Via Bora Zivkovic, I see that there’s a new blog in town — this one devoted to the joys of scientists blogging to advance their work.
I’ll let them explain their mission:
Social media provides a tremendous outlet by which to translate and promote scientific knowledge and engage the public discourse. All scientists, researchers, clinicians, government and not-for-profit organizations have much to gain by adopting an effective and viable social media strategy.
Science of Blogging will not only highlight the ways by which social media is changing the way science and research is communicated, but also will provide basic guidelines for those individuals or organizations who seek to use social media to increase the public understanding of scientific research.
You should definitely follow up and read their story on the About page.
Their first few posts are:
There is no shortage of benefits for scientists – young and well-tenured – to publicize their research beyond peer-reviewed publications and conference presentations. And yet, few scientists look beyond the pages of their discipline’s journal to showcase their work.
While all researchers should strive to translate their work for mass consumption, the scientist’s day is a long one, and often this task is overshadowed by more pressing issues of academia; grants, lectures, publications, conferences, student’s dissertations, etc.
Part of the problem is that many researchers fail to recognize the more tangible benefits of exposing their research to a greater audience.
In the realm of online vs offline social networking, an interesting question often arises: As one’s online social networks grow, does that person also become more popular offline?
There are generally two schools of thought on this issue, broadly promoted by the cyberpessimists and the cyberoptimists.
You can almost guess what I’m about to write next, right?
Although the PLoS Blogs network was rather new and traffic to our blog was lower than usual, the series hit a nerve.
The biggest nerve I managed to hit was that of BoingBoing.com, a very popular aggregator of interesting news stories which sent a good chunk of traffic our way.
All of this interest resulted in a total of 12,080 page views and over 70 comments from readers during the week of the series.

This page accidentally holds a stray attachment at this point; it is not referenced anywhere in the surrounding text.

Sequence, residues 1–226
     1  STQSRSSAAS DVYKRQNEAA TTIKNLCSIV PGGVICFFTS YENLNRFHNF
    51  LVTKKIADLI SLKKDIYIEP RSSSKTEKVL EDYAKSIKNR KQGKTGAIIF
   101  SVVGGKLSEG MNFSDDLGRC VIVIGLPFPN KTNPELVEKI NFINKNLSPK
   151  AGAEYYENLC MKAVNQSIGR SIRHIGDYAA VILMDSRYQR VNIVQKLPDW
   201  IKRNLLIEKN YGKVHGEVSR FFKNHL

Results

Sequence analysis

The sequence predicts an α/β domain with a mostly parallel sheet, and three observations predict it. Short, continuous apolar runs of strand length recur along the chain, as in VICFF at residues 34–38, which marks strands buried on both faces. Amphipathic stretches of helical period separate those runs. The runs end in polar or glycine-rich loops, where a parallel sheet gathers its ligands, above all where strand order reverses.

Put another way, the same research which I published in a prestigious medical journal and made basically no impact, was then viewed by over 12,000 sets of eyes because I decided to discuss it online.
And it doesn’t end there.
Ideally, the media relations folks on college campuses are valuable partners for scholar-bloggers who want to get their research ideas out to the public. PR folks should not serve as personal publicists for certain faculty members – although most of us in the PR field know of a few professors who would love it if that were the case. Rather, we are partners in disseminating scholarship. We can do so not only by publicizing faculty research, but also by talking about the researchers’ own public-service blogging, and by pointing journalists and others to the researchers’ own blogging efforts.
Research Blogging is a website that aggregates blog posts that discuss peer-reviewed research. The blog post must discuss the research in a relatively in-depth fashion (e.g. the post must do more than simply summarize the abstract), but this is something that many science blogs do on a fairly regular basis. If you discuss peer-reviewed studies on your blog, then you simply need to register your blog with Research Blogging, and then insert the Research Blogging citation code into each blog post which discusses a peer-reviewed journal article. For example, on our obesity blog roughly 1/3 to 1/2 of our posts discuss the results of a peer-reviewed paper, and so we include the Research Blogging code on each of those articles. These posts then get advertised on the Research Blogging main page, as well as the sidebar of the Scienceblogs network (Scienceblogs and Research Blogging are both owned by SEED media group). This is huge, as Scienceblogs is one of the most popular science websites in the world. So by signing up for Research Blogging, you are basically getting your work advertised for free, on a tremendously popular website that caters to people who like to read about science.
A project near and dear to my own heart, I wish them great success in spreading the word about the usefulness of blogging to scientists, academics and other professionals. They’re soliciting suggestions and feedback here.
Here’s some of my own writings and presentations on the topic, broadly defined as blogging for professional development and/or professional practice:
- If you don’t have a blog you don’t have a resume, Part I
- If you don’t have a blog you don’t have a resume, Part II
- If you don’t have a blog you don’t have a resume, Part III
- Blogs as a Knowledge Management Tool in the Classroom
- Advancing and Promoting your Research on the Web
- Social Media and the 21st Century Classroom
- Online social networking isn’t for everyone
- Using a Blog to Engage Students in Literature Search Skills Sessions (pdf)
- Academic Blogging: Promoting your Research on the Web
- Blogging for Professional Development (pdf)